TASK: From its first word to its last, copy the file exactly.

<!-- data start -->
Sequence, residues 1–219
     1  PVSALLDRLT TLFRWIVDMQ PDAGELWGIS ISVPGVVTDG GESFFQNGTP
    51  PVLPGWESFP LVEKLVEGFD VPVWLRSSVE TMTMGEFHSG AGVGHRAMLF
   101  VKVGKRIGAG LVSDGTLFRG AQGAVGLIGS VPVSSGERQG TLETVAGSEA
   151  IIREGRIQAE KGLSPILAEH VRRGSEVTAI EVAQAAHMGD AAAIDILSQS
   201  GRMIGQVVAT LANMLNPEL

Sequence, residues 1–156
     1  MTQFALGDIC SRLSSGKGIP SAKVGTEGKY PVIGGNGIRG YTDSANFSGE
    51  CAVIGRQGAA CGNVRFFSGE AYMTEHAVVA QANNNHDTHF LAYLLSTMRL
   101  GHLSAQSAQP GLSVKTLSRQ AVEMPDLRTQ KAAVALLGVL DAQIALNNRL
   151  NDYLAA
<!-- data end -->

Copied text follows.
Sequence, residues 1–219
     1  PVSALLDRLT TLFRWIVDMQ PDAGELWGIS ISVPGVVTDG GESFFQNGTP
    51  PVLPGWESFP LVEKLVEGFD VPVWLRSSVE TMTMGEFHSG AGVGHRAMLF
   101  VKVGKRIGAG LVSDGTLFRG AQGAVGLIGS VPVSSGERQG TLETVAGSEA
   151  IIREGRIQAE KGLSPILAEH VRRGSEVTAI EVAQAAHMGD AAAIDILSQS
   201  GRMIGQVVAT LANMLNPEL

Sequence, residues 1–156
     1  MTQFALGDIC SRLSSGKGIP SAKVGTEGKY PVIGGNGIRG YTDSANFSGE
    51  CAVIGRQGAA CGNVRFFSGE AYMTEHAVVA QANNNHDTHF LAYLLSTMRL
   101  GHLSAQSAQP GLSVKTLSRQ AVEMPDLRTQ KAAVALLGVL DAQIALNNRL
   151  NDYLAA